I still think the methodology is sound. Reading Woodpecker in public is advertising that you believe in the “sudden rush of magic” Robbins writes happens when two people meet and fall in love. Hey, you over there in the tortoiseshell wayfarers. Do you believe in magic?

4. The Conservationist Turned I-Banker

Book Bait: Mountains Beyond Mountains, by Tracy Kidder

I met Tyler* at my college bookstore, where I had a work-study job. He had a blond ponytail and blue eyes and story after story about his summer working in Mozambique. At his cabin in the Shenandoah Valley, he showed me Africa photographs and popped open PBRs and danced with me to Van Morrison’s Astral Weeks. Besmitten, loveshot, I e-mailed him an Elizabeth Bishop poem, “Questions of Travel”: “And have we room /
for one more folded sunset, still quite warm?” Let’s just say we didn’t.

Tyler visited campus once after he graduated. Running into him felt like meeting a new person. The old Tyler had given away all his clothes except for a T-shirt printed with Michelangelo putti and a pin-tucked linen button-down. The new Tyler wore an Hermès silk tie. The new Tyler cut his hair above his ears.

The point is, there may very well be a rock-climbing, “Sweet Thing”–humming, third-world-traveling adventurer sitting next to me, disguised in an expensive dark suit, wishing he were in Mozambique instead. In Mountains Beyond Mountains, a doctor named Paul Farmer travels to Haiti, Peru, Cuba, Russia, evangelizing the NGO-friendly doctrine that “the only real nation is humanity.” It’s powerful enough to tempt a man to reconsider that unlived life—and perhaps take someone else along, if they’re game for it. Reading Kidder suggests just that. Hey, Mr. John Varvatos: My hiking boots are ready when you are.

5. The Migratory Southerner

Book Bait: A Curtain of Green and Other Stories, by Eudora Welty

One October night, I left a party with a friend who put his denim jacket around my shoulders, the way nice Southern boys do. We walked to his house, where sheets of loose-leaf paper covered every surface—the couch, the floor, the desk. He read me part of one of his stories about Appalachia. Jacksonville City Nights played loud. We talked about Eudora Welty. I slept there. To say I had a crush on him after that would be an understatement of biblical proportions. But I never did anything about it—except write a hundred-page-long paper on Eudora Welty.

Welty is a writer’s writer steeped in the South. Because of that, I equate familiarity with her short stories and novels to a certain kind of vetting. More people seem to know Flannery O’Connor; if they’ve read A Good Man Is Hard to Find and can make witty reference to Hulga’s wooden leg, that’s a signifier and a turn-on in its own right. But meeting someone admiring of Welty is like spotting a rare bird.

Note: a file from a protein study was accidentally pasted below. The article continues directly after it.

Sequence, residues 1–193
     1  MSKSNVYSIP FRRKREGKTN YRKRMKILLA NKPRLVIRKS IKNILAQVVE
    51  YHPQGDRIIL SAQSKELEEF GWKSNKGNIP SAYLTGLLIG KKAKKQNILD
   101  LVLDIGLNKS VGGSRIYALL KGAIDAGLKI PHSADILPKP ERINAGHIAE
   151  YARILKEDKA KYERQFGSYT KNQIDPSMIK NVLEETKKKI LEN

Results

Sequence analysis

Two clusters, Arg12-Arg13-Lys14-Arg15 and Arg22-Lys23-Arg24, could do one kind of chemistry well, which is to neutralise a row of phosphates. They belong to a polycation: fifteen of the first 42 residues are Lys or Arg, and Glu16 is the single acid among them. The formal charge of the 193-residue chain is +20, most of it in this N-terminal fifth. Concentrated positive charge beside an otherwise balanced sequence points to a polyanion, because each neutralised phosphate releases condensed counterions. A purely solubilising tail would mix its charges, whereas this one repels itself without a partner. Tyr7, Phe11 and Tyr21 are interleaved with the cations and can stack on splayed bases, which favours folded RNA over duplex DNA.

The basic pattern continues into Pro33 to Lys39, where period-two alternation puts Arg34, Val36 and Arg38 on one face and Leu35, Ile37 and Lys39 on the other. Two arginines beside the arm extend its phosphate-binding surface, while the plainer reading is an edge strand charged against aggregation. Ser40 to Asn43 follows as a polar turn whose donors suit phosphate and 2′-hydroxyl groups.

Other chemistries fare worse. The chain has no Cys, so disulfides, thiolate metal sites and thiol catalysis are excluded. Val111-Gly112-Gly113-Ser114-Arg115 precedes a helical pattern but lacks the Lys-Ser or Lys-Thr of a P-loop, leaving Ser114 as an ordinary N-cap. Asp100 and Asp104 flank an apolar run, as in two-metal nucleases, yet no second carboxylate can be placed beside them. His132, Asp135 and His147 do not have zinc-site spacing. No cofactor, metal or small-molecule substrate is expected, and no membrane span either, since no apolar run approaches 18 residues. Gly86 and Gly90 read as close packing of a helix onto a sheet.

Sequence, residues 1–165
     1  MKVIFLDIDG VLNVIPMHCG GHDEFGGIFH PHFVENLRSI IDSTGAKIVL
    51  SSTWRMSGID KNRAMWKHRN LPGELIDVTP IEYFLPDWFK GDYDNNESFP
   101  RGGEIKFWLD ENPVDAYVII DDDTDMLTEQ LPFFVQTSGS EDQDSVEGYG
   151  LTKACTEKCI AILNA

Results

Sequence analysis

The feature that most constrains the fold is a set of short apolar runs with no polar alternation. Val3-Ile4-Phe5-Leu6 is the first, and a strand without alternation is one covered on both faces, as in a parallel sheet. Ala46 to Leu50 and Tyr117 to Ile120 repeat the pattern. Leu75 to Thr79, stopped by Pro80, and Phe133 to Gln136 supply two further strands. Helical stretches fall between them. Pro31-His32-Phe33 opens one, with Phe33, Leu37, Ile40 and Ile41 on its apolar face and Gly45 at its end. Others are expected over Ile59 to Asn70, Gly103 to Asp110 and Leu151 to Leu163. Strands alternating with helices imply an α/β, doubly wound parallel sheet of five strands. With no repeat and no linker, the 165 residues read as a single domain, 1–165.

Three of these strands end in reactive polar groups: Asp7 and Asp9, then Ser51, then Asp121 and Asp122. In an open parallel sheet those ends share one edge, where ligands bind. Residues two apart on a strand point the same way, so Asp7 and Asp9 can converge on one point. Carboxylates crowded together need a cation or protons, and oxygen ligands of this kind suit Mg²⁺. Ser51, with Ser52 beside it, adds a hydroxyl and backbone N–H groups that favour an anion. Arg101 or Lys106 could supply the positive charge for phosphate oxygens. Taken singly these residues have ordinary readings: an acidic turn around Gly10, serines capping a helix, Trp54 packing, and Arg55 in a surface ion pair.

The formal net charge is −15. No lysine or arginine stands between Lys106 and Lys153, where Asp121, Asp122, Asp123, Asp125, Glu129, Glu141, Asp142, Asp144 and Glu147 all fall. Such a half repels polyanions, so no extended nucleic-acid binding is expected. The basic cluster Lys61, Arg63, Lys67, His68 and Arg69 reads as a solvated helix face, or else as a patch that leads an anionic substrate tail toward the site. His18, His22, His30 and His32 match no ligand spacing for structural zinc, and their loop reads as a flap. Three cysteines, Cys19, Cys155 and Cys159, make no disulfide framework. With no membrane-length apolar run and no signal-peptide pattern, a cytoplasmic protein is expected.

Any self-respecting Southern writer should recognize her byline. A Curtain of Green and Other Stories is my favorite. It contains her best (in my opinion) stories: “Why I Live at the P.O.,” “Lily Daw and the Three Ladies,” and “Death of a Traveling Salesman.” They’re full of gossip and turns of phrase that prick up your ears, they’re so lively and specific, not to mention her dark humor. The communities where these stories take place make me feel so lonesome for home that I almost want to move back. Then I remember there aren’t any jobs and sigh. My best hope is finding someone in NYC who’s similarly nostalgic and as appreciative of Welty’s ear for language as I am.

In a twist on the Steel Magnolias aphorism, I offer: “If you have something smart to say, come sit by me.”

 

Photo via the Underground New York Public Library.

Elyse has written for (published and forthcoming): ELLE,  BBC Travel, Creative Nonfiction, and The Daily Beast, among other publications. She lives in Brooklyn Heights.

131 Comments / Post A Comment

Lu2
Lu2

"Steel Magnolias"? :(
--D. Parker

brightlybee

@Lu2 I thought that quote was attributed to Alice Roosevelt Longworth? No matter, I'll always read it in a Clairee Belcher voice anyway.

Lu2
Lu2

@brightlybee You're probably right. I only knew it wasn't original to Steel Magnolias, surmised it was Dorothy Parker, and found (spurious) confirmation on the web in my haste to post my nasty little note. :)

brightlybee

@Lu2 Dorothy Parker is always an acceptable answer.

michealjohn

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jams

New York Review of Books subscriber, and we wore the same size bluejean flood damage repair

jams

I know a lot of guys are jerks but we should all be able to handle a little small talk. Conversations about books tend to be good ones, so try to be open-minded next time the opportunity presents itsel sell horseboxes

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jams

Hey, you, with the Chacos and sexy calves! Take me camping upstate? Ontario Fishing Trips

Vicky

This is a nice idea in theory but good fucking god I don't want anyone to talk to me while I'm reading.

stonefruit

@Vicky Or, honestly, while I'm commuting.

Lily Rowan

I was really disappointed when the guy standing directly in front of me on the subway was reading the same book I was, but didn't want to chat about it at all -- but it's true, usually I don't want anyone interrupting me when I'm reading OR talking to me during my commute.

drydenlane

@Vicky This week, while reading on the bus, a guy continued to talk to me, asking me first if we could go to dinner, then if I had any drugs, if I could give him some money, if i wanted to go to a hotel room. HELLO, I am reading. :/

I'm Right on Top of that, Rose

@drydenlane I have no time for ANY of these what I'm sure are incredibly pleasant options, buddy.

SuperWittySmitty

@Vicky Rarely will I try to strike up a conversation with a woman on the subway unless it's centered on a book I see she's reading. I don't want to make her feel uncomfortable but a (public) book reader should be able to handle this. I know a lot of guys are jerks but we should all be able to handle a little small talk. Conversations about books tend to be good ones, so try to be open-minded next time the opportunity presents itself.

a runner in the garden

Say what you will about David Foster Wallace dudes, but I found this illustration by Dyna Moe super charming (and encouraging, when I was preparing to move to New York):